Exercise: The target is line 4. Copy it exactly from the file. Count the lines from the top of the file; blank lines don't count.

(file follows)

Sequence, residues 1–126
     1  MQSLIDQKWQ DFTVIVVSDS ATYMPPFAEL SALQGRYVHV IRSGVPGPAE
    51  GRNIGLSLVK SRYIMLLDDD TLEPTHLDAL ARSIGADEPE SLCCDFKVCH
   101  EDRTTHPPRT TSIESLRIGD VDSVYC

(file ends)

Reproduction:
   101  EDRTTHPPRT TSIESLRIGD VDSVYC